Jari talks about playing in the 1980 Helsinki Cup, where he scored the winning goal against Tuusula Palloseura. His scrapbooks are getting plenty of airing in this film. The next clip is a news report from when a 16-year-old Jari scored in the Lahti cup final, after just 60 seconds. Jari reveals his embarrassment at receiving an electric razor as a prize, when he wasn't quite ready to shave for a while yet...
Jari and his trophy (and razor)
Jari takes us for a walk around the Lahti suurhalli, where he'd play football before, during and after school. Legendary Finnish football 'custodian' Gunnar Yliharju saw him and enquired if he was a truant "Why doesn't he go to school"?
Scoring his eighth goal of the season for Reipas
Jari made it into the first team at Reipas, and an interview after a match in which he said football was his priority over school. Before long, he received his first international call-up, for Finland against Trinidad and Tobago in October 1989. National coach Jukka Vakkila spoke of how he had heard that Jari was too slow at international level, but he promoted him from the under-21s and it was a fine moment as they won 1-0.
Jari on early international duty
Vakkila goes on to praise Jari's natural first touch, and his amazing ability to read the game. His ability to make mediocre players better, and to improve the ryhthm of a game is the sign of a good player.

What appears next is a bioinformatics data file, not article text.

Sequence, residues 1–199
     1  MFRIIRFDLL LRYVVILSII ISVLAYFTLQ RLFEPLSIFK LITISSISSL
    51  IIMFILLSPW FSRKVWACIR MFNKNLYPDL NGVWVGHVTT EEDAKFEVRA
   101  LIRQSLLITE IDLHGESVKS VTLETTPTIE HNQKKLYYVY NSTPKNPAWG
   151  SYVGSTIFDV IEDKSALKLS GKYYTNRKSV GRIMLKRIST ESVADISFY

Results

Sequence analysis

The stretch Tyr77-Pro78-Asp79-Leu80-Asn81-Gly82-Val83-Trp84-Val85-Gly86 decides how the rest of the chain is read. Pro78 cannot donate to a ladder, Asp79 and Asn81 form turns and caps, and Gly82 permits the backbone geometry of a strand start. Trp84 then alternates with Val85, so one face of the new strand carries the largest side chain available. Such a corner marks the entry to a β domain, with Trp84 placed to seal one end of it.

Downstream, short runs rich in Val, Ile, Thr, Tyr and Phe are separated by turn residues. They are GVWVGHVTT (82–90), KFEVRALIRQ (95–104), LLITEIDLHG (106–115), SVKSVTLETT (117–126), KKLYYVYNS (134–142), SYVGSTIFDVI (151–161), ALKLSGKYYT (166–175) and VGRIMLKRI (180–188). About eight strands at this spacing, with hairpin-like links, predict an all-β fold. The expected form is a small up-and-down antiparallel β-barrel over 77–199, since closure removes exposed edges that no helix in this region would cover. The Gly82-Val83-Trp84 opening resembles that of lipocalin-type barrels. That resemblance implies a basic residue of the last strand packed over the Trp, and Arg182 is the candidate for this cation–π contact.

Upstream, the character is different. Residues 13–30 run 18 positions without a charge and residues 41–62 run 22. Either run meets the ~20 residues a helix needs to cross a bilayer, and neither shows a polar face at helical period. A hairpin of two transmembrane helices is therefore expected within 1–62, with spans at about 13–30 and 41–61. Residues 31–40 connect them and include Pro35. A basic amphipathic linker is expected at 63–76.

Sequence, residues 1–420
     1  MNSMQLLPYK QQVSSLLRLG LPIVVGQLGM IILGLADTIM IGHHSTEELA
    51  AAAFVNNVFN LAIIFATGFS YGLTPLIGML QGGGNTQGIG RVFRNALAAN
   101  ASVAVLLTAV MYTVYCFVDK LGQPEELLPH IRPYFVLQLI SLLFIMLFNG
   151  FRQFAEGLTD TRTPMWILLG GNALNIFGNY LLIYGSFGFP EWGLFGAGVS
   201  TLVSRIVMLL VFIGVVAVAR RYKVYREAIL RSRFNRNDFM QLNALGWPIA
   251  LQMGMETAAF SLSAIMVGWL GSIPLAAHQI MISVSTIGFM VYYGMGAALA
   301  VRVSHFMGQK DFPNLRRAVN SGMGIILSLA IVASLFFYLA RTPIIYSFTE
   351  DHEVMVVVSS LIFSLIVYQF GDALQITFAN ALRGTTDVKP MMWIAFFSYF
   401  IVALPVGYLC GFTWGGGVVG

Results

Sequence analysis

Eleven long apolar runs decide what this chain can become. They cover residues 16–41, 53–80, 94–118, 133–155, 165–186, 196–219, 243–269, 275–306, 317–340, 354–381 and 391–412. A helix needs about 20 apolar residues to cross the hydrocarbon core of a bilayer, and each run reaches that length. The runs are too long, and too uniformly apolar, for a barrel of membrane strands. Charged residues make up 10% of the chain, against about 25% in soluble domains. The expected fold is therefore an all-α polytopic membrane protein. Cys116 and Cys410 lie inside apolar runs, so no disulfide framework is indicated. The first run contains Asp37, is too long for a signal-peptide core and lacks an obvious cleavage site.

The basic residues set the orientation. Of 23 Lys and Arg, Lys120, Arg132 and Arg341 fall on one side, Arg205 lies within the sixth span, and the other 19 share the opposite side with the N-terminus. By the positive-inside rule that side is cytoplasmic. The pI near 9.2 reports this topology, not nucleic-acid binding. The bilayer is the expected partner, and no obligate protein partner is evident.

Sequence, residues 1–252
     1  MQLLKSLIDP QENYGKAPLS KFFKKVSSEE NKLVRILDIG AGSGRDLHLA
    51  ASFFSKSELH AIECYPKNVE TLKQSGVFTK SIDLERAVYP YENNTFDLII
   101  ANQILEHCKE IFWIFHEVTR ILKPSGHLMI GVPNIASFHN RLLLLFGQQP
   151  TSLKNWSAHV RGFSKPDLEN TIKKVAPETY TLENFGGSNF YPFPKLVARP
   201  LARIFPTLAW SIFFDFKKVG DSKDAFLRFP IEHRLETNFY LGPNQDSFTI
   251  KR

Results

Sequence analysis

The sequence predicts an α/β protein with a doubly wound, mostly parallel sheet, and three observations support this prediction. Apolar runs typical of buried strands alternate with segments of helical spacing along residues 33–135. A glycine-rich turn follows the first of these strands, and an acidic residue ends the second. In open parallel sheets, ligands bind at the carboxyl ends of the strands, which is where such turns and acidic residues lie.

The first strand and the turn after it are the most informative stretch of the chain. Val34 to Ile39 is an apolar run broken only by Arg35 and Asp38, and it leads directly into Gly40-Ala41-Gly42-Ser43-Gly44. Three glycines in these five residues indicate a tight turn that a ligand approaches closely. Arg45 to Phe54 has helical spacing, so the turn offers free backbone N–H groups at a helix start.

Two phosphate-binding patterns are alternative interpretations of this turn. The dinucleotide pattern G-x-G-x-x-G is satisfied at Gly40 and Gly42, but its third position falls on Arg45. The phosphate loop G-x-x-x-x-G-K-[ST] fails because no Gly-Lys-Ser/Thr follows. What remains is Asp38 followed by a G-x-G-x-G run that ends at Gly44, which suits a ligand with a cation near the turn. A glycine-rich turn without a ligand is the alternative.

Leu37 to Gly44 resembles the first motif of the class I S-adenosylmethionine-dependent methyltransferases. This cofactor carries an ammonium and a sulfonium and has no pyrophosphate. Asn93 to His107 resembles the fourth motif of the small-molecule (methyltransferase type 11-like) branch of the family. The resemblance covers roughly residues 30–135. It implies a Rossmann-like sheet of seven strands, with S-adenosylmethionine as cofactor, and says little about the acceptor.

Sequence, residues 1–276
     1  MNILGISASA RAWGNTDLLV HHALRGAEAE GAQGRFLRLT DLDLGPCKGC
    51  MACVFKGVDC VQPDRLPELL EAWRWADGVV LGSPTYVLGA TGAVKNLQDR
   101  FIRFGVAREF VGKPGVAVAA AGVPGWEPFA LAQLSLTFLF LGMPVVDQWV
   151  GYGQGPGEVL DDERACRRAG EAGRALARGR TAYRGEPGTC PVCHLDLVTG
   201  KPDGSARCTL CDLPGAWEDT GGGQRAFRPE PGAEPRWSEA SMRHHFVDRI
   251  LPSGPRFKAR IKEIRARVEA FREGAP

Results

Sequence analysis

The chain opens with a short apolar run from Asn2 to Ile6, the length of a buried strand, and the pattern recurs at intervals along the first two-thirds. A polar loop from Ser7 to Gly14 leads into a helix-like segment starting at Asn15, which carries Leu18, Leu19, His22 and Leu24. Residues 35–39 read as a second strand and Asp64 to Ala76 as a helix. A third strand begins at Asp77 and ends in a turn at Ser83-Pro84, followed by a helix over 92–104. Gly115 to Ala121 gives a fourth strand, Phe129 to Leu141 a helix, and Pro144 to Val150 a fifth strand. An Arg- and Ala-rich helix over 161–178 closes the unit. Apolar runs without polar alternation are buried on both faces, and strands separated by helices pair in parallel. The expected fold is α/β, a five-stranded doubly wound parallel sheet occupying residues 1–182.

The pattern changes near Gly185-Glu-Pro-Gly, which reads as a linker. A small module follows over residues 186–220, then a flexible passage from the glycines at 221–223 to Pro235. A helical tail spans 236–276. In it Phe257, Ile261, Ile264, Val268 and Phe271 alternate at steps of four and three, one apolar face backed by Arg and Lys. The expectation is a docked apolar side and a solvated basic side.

One of Litmanen's later national coaches Roy Hodgson spoke about how he wanted to sign him while he was in charge of Swiss club Neuchâtel Xamax in 1991, but he was on his way to coach the Swiss national team and Jari apparently saw it as too much of a risk.
Jari talks of his training camp in Barcelona with Johan Cruyff in 1991, describing it as quite an experience for a Finnish boy to train with Koeman, Stoichkov and Laudrup (as well as referencing a young Pep Guardiola). That was the famous 'dream team', who won the European Cup at Wembley the following year.
A young Jari with Johan Cruyff (far left) in 1991
The film quickly moves around his spells with HJK and MYPA, interspersed with talk of his army career. There was also cursory mentions of enquiries made by Leeds United and PSV Eindhoven. Jari spoke about how good an education HJK was.
It was during this spell that sees perhaps the biggest insight to Jari's personal life. His cousin died in a motorcycle accident while Jari was in the army, and it affected him hugely. Jari is fighting back the tears as he describes his cousin as a big brother. His cousin had played football as well, and it helped drive Jari onwards, as it's what his cousin would have wanted.
MYPA 1992, also featuring a young Sami Hyypiä
Jari signed for MYPA in 1992 in a surprising move, as MYPA themselves admitted he was probably too good to remain in Finland. He didn't stay long, but he won the Suomen Cup with them in July 1992, his first senior trophy. Hyypiä speaks knowingly about Jari, that his abilities would take him far.
Litmanen's goal in the 1992 Finnish Cup final (from ESPN)
It was at MYPA that he first noticed Ajax scouts watching him, and that's where we'll press the pause button. The next part of the documentary will take Jari to Holland, we'll have a look at that later on this week.